V-o-Cal Comes to Glen Park

P1010821By Zachary Clark

If it seemed last weekend that Glen Park had been taken over by a horde of roustabouts straight out of a 1930s WPA movie, it was in fact something along those lines. Over the course of three days Camp Silver Tree became base camp for dozens of V-o-Cal volunteers working to clear out an overgrown walking trail on Twin Peaks last weekend.

 Starting Friday night, some thirty or so tents were pitched, a campfire was lit and dinner was made to kick off the weekend-long work party. A few volunteers picked up guitars, a local band stopped by to kick out a few jams and all night long, the howling of wild coyotes echoed through the canyon. The event attracted families, couples and volunteers of all ages hailing from countless regions around the greater Bay area and southern California.

 P1010822“The San Francisco event was a big draw because of the camping in Glen Park,” said John “Bubba” from Rodondo Beach, California. “I volunteered awhile back at Muir Beach with V-o-Cal and it was the only time people were allowed to camp there. I also volunteered at the Oak Woodlands project at Corona Heights and we camped in Golden Gate Park. It was the first legal camping in the park.”

Volunteers for Outdoor California is a volunteer workforce that comes together to work on large-scale trail maintenance and construction projects, habitat restoration, and related land stewardship activities on public lands. V-O-Cal puts dozens of volunteers to work on single project for a weekend, getting a tremendous amount of work done in a short time while offering volunteers an amazing outdoor experience in their own backyard. The organization was founded in 2006 and is modeled on a Colorado group founded in 1984.

P1010828Bruce, a volunteer from Castro Valley who is working his fifth V-o-Cal project with his wife, two six-year-olds and 12-year-old son said: “It’s actually been my 12-year-old son who’s pushed us to volunteer. He loves the camping, the feeling of being around all the people, of making new friends.”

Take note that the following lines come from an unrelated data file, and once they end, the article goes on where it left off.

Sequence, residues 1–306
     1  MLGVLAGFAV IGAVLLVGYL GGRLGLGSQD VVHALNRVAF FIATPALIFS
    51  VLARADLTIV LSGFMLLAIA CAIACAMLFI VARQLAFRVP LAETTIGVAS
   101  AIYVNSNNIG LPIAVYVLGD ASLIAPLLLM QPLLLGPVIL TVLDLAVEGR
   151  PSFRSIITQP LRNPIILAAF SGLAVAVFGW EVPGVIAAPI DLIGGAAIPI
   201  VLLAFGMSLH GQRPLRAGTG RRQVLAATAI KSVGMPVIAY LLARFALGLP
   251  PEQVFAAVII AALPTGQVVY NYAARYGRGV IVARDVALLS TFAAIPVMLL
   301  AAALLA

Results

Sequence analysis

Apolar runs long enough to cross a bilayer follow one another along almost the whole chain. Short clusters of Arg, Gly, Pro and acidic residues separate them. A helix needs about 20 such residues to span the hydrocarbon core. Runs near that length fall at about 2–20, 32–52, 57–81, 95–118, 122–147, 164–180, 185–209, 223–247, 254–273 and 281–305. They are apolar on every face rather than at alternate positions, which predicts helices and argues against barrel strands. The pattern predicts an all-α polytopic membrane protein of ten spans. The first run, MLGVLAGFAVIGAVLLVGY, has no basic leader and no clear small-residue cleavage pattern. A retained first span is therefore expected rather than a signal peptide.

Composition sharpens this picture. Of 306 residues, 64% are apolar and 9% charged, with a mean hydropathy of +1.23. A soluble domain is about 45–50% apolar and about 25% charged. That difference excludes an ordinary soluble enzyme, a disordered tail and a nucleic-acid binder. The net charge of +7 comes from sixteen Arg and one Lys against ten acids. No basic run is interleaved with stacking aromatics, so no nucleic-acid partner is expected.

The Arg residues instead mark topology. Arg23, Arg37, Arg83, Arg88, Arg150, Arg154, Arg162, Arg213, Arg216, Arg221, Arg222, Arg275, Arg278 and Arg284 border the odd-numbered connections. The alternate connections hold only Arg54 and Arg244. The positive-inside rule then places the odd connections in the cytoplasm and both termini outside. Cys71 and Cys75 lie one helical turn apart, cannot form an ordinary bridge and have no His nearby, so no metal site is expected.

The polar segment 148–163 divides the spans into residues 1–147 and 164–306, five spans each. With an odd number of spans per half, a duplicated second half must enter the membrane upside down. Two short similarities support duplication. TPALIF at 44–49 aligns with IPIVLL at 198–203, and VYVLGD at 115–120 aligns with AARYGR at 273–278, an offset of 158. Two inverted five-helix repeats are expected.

Bright and early Saturday morning, the crew marched up the canyon to Twin Peaks Boulevard at the base of Twin Peaks. Other volunteers joined in, together totaling roughly 150 workers. They set to clearing out a proliferation of invasive shrubs and plants, predominantly Himalayan blackberry and English Ivy.

Before the weekend walkers had to use the busy road to get to Twin Peaks. That road also serves close to 100 tour buses a day, according to a Rec and Park official. The cleared area will be used to create a new trail.


While the crew worked to clear the area they discovered a stand of native plants including purple needle grass, coyote bush, some native blackberry, lupine and poppies near the beginning of the road.

Some of the volunteers donned a blue cap, a badge of honor that signifies participation in five consecutive V-o-Cal projects. “I just love the exercise, being productive and camping in the city with all these interesting, environmentally-minded people,” said Susan, a volunteer from Livermore.

One of those people was Bam Bam, a seasoned V-o-Cal volunteer from Napa working his 45th trail-clearing project. His real name is Eric, but no one among the hundreds of friends he’s made working projects like this knows that. They all know him as Bam Bam. He earned the nickname from his now famous affinity for bashing rocks.

“I like the trail work. I enjoy dragging people away from this creative, concrete jungle we live in,” he said, resting a giant hammer on his shoulder, his shirt soaking with sweat. “It’s good for the spirit and the soul. It just feels right. There’re no problems. When I go to bed at night I feel great.”

According to Bam Bam, V-o-Cal has a pool of about 700 volunteers that work the 10 or so projects each year, with a strong core bolstered by an impressive showing of new volunteers that sign on for each project.

“I was surprised by the types that come here. I thought it’d be all hillbilly types, but I see a lot of people from the tech industry, engineers, scientists and biologists. I see lots of young folks too, people under 21 and that’s like gold to me. I think people are trying to get in touch with how things naturally are.”

Speaking of young people, some 15 or so college students, all 18-21 years of age from Circle K International, showed up Sunday to help with the project. CKI is an international collegiate community service group sponsored by the Kiwanis. The students hail from all over the Bay Area, supplementing their coursework at schools like UC Berkeley and SF State with some healthy, physical labor in the city’s outdoors. Their majors range from psychology to biology.

By 2pm Sunday, 17 truckloads of debris later, the impressive ½ mile trail was cleared and the community began using it that day: first the joggers, then the hikers, followed by the dog-walkers.



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